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Plant of the Month February 2018

Helleborus oriental hybrids


Selection of oriental hybrid flowers

Not all hellebores are created equal, and we have preference for the much more herbaceous, acaulescent (meaning without stems) hellebores over the semi-woody caulescent (meaning with stems) types. There is a third group of hellebores, the H. vesicarius group, but as they aren’t hardy, we will just leave them there. While the semi woody hellebores can appear messy and sprawl about the border like a stroppy teenager, the acaulescent forms produce flower stems almost out of nowhere early in the year, with few smallish leaves and many large flowers. They seem to disappear into the crowd of a border or woodland once flowers have gone over, with leaves and stems mostly dying back.


Example of caulescent type Helleborus (H. multifidus subsp. bocconei)

 Example of acaulescent type oriental hybrid showing new growth

Of the acaulescent hellebores, the many oriental hybrids, originally from Northern Turkey, the western Caucasus and Georgia, are generally care-free and readily available in a wide range of colours. They are more commonly known as the ‘Lenten Rose’, as they start flowering in January, into and during the period of Lent. When purchasing oriental hybrids, it is worth noting that many unnamed seedlings can be as aestheticly pleasing as those with recognised cultivar names. We suggest that by starting with a small but varied choice of colours, it will not be long before a wider variation of colours and forms are likely to self-seed in your garden.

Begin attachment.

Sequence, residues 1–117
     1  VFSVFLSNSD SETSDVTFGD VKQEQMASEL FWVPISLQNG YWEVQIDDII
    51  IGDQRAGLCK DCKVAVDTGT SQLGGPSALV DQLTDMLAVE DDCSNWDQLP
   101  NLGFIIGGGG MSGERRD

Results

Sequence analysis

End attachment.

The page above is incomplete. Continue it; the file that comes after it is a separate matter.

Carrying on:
Pink flowered oriental hybrids

Pale flowered oriental hybrids

As one of the more forgiving groups of hellebores, the oriental hybrids can grow in poorer soil conditions than many of the others, but do appreciate organic matter, decent drainage and some sun. They do not enjoy particularly strong sun but full shade will result in poor flowering. Older leaves can be cut off in late autumn or early winter as a general tidy and then further remove the now dead leaves just before flowering in January. Unwanted seedlings ought to be thinned out and/or potted up to be planted elsewhere or shared with those deserving. If there is sign of the fungal disease black spot, leaves should be removed and burnt rather than added to the compost to avoid contamination, anti-fungal sprays are also available if a problem persists. Vine weevils, slugs and snails can be a bother to the plants, especially potted up seedlings, so if causing significant damage, an application of nematodes is suggested alongside the obvious general practice of good health and hygiene. Aphids can be dealt with by using a soap based spray.


Oriental hybrids

We find the arrangement of oriental hybrids most charming when planted on a bank/slope and through wooded areas, however they are also useful in containers, bedding schemes or mixed borders providing early spring colour.


Oriental hybrids in woodland setting